The ancestral home of noble laureate Rabindranath Tagore, Joransanko Thakurbari, contributes an immense amount to the rich culture of Kolkata involving the Bengal Renaissance and Brahmo Samaj. The stories surrounding the red brick mansion can be dated back to 18th century when it was built by Prince Dwarkanath Tagore, Kobigurus grandfather.
Jorasanko Thakurbari Museum is the home to 2071 books, 770 journals, 16 painting, 3297 photographs, 27 crafts and sculptures, 208 personalia and 53 pieces of furniture.
The mansion, one of the heritage buildings of Kolkata, had started from a small house, and slowly the different wings and alleys were added to the original architecture. The architects that worked towards the building were all British and thus the architecture is largely based upon the Indo-European concept. The main attraction of the house is the west verandah attached with Kobigurus room that has also been interwoven into his writings.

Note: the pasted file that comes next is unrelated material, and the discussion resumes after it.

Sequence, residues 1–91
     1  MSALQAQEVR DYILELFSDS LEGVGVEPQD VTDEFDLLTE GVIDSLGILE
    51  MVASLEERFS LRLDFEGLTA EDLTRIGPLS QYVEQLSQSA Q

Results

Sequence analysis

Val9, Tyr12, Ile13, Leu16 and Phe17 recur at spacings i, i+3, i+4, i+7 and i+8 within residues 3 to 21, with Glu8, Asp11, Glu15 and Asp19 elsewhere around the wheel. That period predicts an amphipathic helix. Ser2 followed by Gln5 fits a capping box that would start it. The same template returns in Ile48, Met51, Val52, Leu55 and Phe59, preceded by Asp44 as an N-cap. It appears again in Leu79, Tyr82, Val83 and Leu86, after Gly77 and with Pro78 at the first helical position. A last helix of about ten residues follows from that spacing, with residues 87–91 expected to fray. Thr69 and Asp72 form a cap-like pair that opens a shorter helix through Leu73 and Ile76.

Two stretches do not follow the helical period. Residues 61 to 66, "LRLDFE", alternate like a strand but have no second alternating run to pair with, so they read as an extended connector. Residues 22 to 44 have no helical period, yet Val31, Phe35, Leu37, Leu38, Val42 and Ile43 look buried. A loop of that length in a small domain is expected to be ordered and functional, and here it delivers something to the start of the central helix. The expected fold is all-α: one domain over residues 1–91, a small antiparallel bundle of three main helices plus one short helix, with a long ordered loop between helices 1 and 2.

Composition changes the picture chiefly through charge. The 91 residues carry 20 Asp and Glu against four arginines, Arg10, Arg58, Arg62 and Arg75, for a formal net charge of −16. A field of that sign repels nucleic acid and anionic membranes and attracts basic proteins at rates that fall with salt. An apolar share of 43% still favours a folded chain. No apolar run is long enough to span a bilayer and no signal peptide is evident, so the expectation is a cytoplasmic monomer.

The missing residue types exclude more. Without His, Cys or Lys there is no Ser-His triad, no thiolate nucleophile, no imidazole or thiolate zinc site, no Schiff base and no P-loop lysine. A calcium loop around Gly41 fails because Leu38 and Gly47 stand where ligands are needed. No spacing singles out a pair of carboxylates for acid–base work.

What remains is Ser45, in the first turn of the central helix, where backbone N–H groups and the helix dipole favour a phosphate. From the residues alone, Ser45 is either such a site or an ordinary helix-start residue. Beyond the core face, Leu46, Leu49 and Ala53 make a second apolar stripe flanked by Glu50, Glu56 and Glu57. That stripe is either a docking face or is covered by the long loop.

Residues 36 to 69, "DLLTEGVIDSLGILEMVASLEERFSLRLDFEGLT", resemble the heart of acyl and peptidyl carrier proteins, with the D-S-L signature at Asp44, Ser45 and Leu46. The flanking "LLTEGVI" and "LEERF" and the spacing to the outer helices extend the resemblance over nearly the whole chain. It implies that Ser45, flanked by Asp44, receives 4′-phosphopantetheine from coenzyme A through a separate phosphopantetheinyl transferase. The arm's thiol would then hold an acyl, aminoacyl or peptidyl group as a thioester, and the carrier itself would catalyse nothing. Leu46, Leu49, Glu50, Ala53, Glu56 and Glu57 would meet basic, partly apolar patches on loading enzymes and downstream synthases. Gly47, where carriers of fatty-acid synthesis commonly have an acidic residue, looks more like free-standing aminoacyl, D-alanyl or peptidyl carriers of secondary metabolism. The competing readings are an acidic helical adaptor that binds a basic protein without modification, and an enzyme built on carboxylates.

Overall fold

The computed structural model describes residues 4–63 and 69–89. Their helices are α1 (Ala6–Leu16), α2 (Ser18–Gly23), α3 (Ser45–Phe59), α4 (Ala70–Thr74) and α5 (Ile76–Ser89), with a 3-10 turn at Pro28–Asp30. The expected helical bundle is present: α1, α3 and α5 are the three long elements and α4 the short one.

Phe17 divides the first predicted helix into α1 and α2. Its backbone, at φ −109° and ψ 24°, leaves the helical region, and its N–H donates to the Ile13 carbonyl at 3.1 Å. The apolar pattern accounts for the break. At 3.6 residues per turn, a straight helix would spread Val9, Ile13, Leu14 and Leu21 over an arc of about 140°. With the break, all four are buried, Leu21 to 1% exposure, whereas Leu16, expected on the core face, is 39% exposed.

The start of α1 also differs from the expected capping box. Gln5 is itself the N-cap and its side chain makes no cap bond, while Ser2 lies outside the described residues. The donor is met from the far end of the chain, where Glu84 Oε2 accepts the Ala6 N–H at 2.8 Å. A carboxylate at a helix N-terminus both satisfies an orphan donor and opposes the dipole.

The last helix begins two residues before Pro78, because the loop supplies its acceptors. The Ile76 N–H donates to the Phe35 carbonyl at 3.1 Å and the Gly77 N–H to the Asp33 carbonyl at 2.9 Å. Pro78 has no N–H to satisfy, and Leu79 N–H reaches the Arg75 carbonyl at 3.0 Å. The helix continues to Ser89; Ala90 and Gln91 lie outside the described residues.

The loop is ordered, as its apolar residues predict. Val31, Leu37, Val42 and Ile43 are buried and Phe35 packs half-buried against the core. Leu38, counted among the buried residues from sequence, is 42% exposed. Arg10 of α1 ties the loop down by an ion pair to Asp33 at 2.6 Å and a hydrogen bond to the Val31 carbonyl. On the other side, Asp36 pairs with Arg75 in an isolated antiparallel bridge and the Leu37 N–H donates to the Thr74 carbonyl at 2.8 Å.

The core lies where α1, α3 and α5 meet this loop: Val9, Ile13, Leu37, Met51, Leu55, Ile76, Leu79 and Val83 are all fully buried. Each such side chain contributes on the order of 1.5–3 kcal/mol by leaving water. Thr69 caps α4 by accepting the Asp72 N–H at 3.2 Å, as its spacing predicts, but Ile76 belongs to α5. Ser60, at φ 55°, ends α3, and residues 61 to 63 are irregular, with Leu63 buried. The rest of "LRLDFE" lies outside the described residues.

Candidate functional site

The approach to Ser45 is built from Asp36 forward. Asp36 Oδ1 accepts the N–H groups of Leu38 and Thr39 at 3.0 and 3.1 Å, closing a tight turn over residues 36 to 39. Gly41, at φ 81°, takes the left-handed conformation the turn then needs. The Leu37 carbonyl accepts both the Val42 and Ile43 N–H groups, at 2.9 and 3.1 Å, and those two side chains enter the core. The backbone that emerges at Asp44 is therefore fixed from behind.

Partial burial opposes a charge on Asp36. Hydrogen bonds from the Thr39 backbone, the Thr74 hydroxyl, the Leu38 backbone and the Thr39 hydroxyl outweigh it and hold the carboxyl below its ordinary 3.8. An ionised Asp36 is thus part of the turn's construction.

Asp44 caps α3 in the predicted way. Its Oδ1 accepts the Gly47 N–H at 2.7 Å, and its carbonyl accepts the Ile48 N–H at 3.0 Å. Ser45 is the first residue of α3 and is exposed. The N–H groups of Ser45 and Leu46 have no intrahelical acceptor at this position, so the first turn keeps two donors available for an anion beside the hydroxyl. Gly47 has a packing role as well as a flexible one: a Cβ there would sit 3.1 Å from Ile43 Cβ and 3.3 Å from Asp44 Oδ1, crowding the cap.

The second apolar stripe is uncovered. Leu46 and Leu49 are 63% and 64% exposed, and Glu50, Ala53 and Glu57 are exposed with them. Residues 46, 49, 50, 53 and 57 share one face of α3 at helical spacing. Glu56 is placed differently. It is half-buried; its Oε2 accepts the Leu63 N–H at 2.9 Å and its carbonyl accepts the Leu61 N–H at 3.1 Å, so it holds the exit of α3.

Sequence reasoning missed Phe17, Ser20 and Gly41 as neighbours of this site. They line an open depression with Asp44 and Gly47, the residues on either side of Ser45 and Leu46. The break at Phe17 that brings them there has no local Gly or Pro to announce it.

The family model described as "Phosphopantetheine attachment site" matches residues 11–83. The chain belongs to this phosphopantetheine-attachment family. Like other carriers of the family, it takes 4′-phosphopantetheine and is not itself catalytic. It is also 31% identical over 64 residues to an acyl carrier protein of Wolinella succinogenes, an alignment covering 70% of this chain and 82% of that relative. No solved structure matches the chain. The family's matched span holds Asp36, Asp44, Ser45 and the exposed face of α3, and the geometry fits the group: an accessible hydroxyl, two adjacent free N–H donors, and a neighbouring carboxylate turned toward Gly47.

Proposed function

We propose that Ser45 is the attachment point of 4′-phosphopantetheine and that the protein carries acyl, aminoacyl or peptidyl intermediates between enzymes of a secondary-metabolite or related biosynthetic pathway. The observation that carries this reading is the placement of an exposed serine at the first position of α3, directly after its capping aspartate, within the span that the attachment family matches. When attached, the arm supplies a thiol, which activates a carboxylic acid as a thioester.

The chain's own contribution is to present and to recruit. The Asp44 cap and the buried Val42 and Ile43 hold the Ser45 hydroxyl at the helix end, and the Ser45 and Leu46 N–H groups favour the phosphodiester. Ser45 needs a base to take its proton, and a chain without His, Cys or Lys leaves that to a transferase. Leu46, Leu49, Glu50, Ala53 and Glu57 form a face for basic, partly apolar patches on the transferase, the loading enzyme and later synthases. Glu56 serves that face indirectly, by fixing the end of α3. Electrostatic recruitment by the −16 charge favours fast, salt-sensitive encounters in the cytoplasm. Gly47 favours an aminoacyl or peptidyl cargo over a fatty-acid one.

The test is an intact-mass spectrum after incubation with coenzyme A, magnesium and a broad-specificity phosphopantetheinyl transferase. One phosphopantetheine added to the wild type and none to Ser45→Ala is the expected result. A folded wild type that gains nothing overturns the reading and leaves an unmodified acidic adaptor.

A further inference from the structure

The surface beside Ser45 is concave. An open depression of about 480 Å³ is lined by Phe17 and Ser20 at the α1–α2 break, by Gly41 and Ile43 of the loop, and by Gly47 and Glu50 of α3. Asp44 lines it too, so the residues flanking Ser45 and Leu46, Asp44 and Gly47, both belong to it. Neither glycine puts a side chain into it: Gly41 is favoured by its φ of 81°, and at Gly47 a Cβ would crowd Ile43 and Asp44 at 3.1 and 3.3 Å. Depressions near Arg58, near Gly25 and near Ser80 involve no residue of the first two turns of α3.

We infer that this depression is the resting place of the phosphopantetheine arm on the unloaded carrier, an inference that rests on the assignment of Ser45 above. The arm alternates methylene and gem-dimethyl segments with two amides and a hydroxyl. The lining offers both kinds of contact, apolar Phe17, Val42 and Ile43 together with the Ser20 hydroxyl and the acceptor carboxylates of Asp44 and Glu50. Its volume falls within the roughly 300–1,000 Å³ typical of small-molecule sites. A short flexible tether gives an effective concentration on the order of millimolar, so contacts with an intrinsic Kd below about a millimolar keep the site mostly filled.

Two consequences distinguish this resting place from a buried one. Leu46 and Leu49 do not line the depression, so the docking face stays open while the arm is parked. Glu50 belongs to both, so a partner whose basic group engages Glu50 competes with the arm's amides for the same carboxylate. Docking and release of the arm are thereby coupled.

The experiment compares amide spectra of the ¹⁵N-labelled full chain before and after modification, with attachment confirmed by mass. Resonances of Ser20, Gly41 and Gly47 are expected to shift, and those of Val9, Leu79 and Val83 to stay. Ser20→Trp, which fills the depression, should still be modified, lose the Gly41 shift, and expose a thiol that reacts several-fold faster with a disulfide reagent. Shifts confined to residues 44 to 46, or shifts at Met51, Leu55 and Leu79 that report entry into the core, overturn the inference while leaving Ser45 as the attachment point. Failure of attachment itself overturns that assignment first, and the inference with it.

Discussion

The mansion is built in such a way that from the rounded verandah the house dwellers can watch programs in the natya mancha in the center of the house. Tagores believed that women were also entitled to have free discussions over culture, literature, business, etc. Women of the Tagore household were exposed to poets like Biharilal who used to grace the morning discussions. The outlook of the Tagore family contributed to many a cultural change of the Bengal Society.
For people having a sacred love for culture and creativity, Joranshanko Thakurbari visit will be a boost for their inclinations.
We often fine evidences of pardah system in many of Kolkata houses of ancient times but no such pratha was found in the Joransanko Thakurbari.